Osteoarthritis – Causes, Symptoms and Treatment

Osteoarthritis is also called degenerative joint disease or osteoarthrosis. It is the most common form of arthritis. People with osteoarthritis usually have joint pain and some movement limitations. Unlike some other forms of arthritis, such as rheumatoid arthritis, osteoarthritis affects only joint function and does not affect skin tissue, the lungs, the eyes, or the blood vessels as many think about this illness. Among the over 100 different types of arthritis conditions, osteoarthritis is the most common, affecting over 20 million people in the United States. The risk of developing the condition increases with age. It mainly affects people over the age of 40, and is most common among those over the age of 65.


It is caused by the breakdown of cartilage. Cartilage is the tough elastic material that covers and protects the ends of bones. Bits of cartilage may break off and cause pain and swelling in the joint between bones. This pain and swelling is called inflammation. People with diabetes may be prone to osteoarthritis. Other endocrine problems also may promote development, including acromegaly, hypothyroidism, hyperparathyroidism, and obesity. A major injury or operation on a joint may lead to osteoarthritis at that site in later life. There are some abnormalities of the joint that you can be born with or which develop when you are a child, such as Perthes’ disease of the hips, which also lead to osteoarthritis in later life.


The symptoms of OA can vary significantly from person to person, and can range from mild and barely noticeable, to severe and disabling. Without cartilage, bones rub directly against each other when you move, causing pain and inflammation. Joint pain usually develops gradually and may feel dull or aching. Pain may be worse in the morning and feel better with activity. Vigorous activity may cause pain to flare up. As osteoarthritis becomes more severe, symptoms may include a total loss of function in the affected joints.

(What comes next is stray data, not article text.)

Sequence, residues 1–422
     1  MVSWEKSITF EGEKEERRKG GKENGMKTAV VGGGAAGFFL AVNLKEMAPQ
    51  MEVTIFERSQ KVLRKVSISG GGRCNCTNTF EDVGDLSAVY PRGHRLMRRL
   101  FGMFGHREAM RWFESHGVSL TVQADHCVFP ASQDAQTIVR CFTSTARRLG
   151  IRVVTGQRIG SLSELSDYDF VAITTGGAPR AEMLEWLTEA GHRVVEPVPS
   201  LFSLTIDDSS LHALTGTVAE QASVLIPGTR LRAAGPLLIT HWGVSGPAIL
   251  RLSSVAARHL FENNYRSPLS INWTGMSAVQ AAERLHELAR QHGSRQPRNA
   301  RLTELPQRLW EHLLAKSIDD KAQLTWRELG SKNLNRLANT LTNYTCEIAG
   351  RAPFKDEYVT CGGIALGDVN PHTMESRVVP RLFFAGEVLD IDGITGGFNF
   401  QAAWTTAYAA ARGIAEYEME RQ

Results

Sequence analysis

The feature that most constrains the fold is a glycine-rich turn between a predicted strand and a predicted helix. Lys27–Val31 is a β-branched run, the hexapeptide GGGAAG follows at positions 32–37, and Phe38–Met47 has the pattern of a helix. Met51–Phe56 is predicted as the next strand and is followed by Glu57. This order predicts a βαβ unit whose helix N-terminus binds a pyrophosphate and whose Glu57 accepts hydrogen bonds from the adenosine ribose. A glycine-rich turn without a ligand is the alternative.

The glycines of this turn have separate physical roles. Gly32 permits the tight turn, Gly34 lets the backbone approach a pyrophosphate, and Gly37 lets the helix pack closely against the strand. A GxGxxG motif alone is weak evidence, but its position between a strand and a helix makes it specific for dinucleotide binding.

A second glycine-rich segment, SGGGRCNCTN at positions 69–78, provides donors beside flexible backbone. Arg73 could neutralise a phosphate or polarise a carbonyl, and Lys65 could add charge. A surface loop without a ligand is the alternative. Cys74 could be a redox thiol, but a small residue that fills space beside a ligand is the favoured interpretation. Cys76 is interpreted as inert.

There is no blood test for osteoarthritis, but blood may be taken to exclude to check for other types of arthritis. The most useful test for osteoarthritis is an X-ray. This can show the narrowed space between the bones in a joint that is due to cartilage loss. It can also identify any calcification.

If you are overweight, try to lose some weight as the extra burden placed on back, hips, and knees can make symptoms worse. Even a modest amount of weight loss can make quite a difference.

Other treatment choices for osteoarthritis are the dietary supplements glucosamine and chondroitin. Glucosamine may decrease pain in some people with mild to moderate symptoms.

Some hyaluronic acid is already in the fluid in your joints. In people with osteoarthritis, the hyaluronic acid gets thinner. When this happens, there isn’t enough hyaluronic acid to protect the joint. Injections can put more hyaluronic acid into your knee joint to help protect it.